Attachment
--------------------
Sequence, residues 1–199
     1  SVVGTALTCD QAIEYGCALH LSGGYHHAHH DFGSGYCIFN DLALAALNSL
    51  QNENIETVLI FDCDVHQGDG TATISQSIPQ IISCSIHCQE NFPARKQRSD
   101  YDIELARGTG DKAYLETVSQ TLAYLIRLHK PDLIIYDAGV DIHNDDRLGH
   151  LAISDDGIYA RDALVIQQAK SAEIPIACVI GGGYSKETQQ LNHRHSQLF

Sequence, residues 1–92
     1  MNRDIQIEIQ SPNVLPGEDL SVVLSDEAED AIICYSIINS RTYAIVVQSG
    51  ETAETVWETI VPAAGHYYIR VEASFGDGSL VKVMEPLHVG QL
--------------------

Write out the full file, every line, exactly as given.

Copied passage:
Sequence, residues 1–199
     1  SVVGTALTCD QAIEYGCALH LSGGYHHAHH DFGSGYCIFN DLALAALNSL
    51  QNENIETVLI FDCDVHQGDG TATISQSIPQ IISCSIHCQE NFPARKQRSD
   101  YDIELARGTG DKAYLETVSQ TLAYLIRLHK PDLIIYDAGV DIHNDDRLGH
   151  LAISDDGIYA RDALVIQQAK SAEIPIACVI GGGYSKETQQ LNHRHSQLF

Sequence, residues 1–92
     1  MNRDIQIEIQ SPNVLPGEDL SVVLSDEAED AIICYSIINS RTYAIVVQSG
    51  ETAETVWETI VPAAGHYYIR VEASFGDGSL VKVMEPLHVG QL